The Things Nobody Tells You About Breastfeeding
Breastfeeding isn’t as simple as “baby plus nipple.” It can create a lot of unexpected biological quirks and emotional reactions, leaving many new parents blindsided. Here are some common breastfeeding experiences you may not have heard about, compiled by new moms and women’s health experts.
Breastfeeding may not be something that everyone likes to talk about, but it’s a pretty commons part of life. Unfortunately, since it can sometimes be perceived as taboo, there are a lot of things you might not be aware of—and knowing them ahead of time can help you prepare. Here’s what you need to know.
It burns calories
Experts estimate that it takes about 500 calories to make the 24 to 28 ounces of breast milk that the average mom makes each day. That’s the caloric equivalent of a sizable brownie (or, if you’re eating healthier, about 20 medium carrots). Burning anywhere between 200 and 500 extra calories for milk production each day is typical.
Breastfeeding alone usually isn’t enough to strip leftover pregnancy weight, but along with exercise and a healthy diet, the extra calories burned do add up.
Your nipples might hurt severely
Breastfeeding might look easy, but it can be quite painful for the first few weeks or months. Getting a baby to latch onto a breast at all, let alone correctly, can take time, and the typical 8-12 newborn feeding sessions a day can leave a woman’s nipples feeling raw and sore. The discomfort can range from slight tenderness to cracked and bleeding skin. Combine that pain with the tedium and exhaustion of caring for (and feeding) a newborn, and you can start to understand the tough job a nursing mom has.
Most women find that their breasts toughen up in about two weeks, but it’s important to get a baby to latch on correctly and contact a healthcare provider if the pain persists, especially between feedings.
Both partners might sexualize it
Although a nursing woman’s breasts take on a very different role as nutritional providers for a new baby, things may not have changed much for her partner. Chances are that a partner has a special fondness for those breasts, and seeing them—even with a baby attached to them—is still a turn-on. If it’s weird for you, feel free to tell your partner not to watch. But if not, you might welcome the company and the attention during feeding sessions.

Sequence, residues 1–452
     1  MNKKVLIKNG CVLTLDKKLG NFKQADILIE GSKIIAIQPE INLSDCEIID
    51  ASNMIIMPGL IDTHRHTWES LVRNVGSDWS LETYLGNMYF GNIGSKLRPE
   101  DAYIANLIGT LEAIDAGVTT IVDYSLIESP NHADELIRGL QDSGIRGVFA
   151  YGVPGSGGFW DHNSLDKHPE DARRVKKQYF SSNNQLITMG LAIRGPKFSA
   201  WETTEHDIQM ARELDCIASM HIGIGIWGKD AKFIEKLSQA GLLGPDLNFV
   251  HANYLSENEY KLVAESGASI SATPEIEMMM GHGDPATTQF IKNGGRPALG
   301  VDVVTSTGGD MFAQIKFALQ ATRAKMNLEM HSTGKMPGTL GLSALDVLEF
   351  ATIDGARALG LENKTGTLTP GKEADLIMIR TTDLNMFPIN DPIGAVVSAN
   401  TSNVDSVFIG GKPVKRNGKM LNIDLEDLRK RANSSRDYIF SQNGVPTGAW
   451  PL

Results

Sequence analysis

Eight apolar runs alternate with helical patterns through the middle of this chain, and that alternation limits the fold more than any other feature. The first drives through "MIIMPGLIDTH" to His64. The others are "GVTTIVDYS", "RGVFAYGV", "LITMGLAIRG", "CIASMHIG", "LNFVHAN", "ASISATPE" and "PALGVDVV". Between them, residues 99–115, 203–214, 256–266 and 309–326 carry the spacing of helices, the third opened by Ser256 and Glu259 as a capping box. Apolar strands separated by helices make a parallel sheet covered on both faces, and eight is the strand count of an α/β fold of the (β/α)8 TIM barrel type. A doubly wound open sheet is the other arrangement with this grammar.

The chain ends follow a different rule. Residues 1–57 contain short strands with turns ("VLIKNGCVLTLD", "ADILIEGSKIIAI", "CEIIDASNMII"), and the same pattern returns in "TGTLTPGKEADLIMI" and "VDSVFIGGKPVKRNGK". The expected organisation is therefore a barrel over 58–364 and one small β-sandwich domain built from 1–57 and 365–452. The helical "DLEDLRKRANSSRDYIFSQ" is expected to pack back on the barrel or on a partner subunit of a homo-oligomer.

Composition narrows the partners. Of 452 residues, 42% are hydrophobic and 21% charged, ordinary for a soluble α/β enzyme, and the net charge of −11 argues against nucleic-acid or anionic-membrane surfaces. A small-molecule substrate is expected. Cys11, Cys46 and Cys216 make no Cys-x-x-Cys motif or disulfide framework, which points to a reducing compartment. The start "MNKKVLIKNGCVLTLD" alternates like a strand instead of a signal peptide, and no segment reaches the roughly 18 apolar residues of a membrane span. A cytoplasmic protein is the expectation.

Nursing mothers may get turned on, too. Sexual arousal during breastfeeding is a common, if confusing, occurrence. Many women enjoy breast stimulation in their sex lives long before they ever have a baby, and erogenous zones don’t simply stop feeling good when touched.
It’s important to note that the physical arousal a woman may feel is separate from anything emotional she feels towards her baby. Again, it’s incredibly common, despite it being a taboo subject for obvious reasons.
Breastfeeding might cause cramps
A baby’s sucking triggers the release of the hormones oxytocin and prolactin, and oxytocin creates uterine contractions. Although uncomfortable, these cramps (also called “afterpains”) are normal, and necessary to squeeze the uterus back to its pre-birth size.
Bigger breasts don’t equal more milk
Milk glands are what matter when it comes to milk production, not breast size (most of the breast is just fatty tissue). A woman with an A-cup can make the same amount of milk as a woman with a double D; she just has less fatty tissue compared to glandular tissue. There are other evolutionary reasons males may be attracted to larger breasts.
Hearing a baby cry could make your breasts start to leak
The release of breast milk, called the let-down reflex, usually happens after a baby has been sucking for about two minutes. The sucking triggers release of the hormone oxytocin, which stimulates milk production. Some women feel the let-down reflex as a tingling or a warmth.
But other stimuli can trigger production of oxytocin besides sucking, including emotional ones—like looking at a picture of your baby, thinking of your baby, or hearing a recording of your baby. Sometimes even hearing any baby cry, not just your own, can trigger a sensitive let-down reflex.
Breastfeeding can make you feel high
Many women report entering a relaxed, calm state during breastfeeding, which helps them bond with their babies. Others even say they experience euphoria, a breastfeeding high brought on by the release of the hormones oxytocin and prolactin triggered by the baby’s sucking. Some people call it being “milk drunk.”
As such, some claim it can be addictive. There’s not a lot of research to back it up, but some women swear that they get addicted because of the good feelings it brings (and the calories it burns). Penelope Cruz once stated that it’s “addictive. It’s hard when the day comes when you have to stop.”
You can still do it if you have breast implants or nipple piercings
Many women with breast implants can still breastfeed successfully. Incisions made through the armpit or underneath the breast tend to interfere with breastfeeding the least, whereas incisions around the areola can increase problems with feeding, including reduced nipple sensitivity or blocked milk ducts. Implant placement below the pectoralis muscle usually leaves the milk glands intact for future feeding.
Although women shouldn’t breastfeed with nipple jewelry inserted, the hole it leaves shouldn’t interfere with feedings. Breast milk actually comes from many holes at once; an additional one that you added yourself won’t cause a problem. However, newer piercings carry an increased risk of infection, so make sure they are fully healed before attempting breastfeeding.
This article was originally published in April 2014 and updated on Dec. 15, 2020 to update dead links and align the content with current Lifehacker style.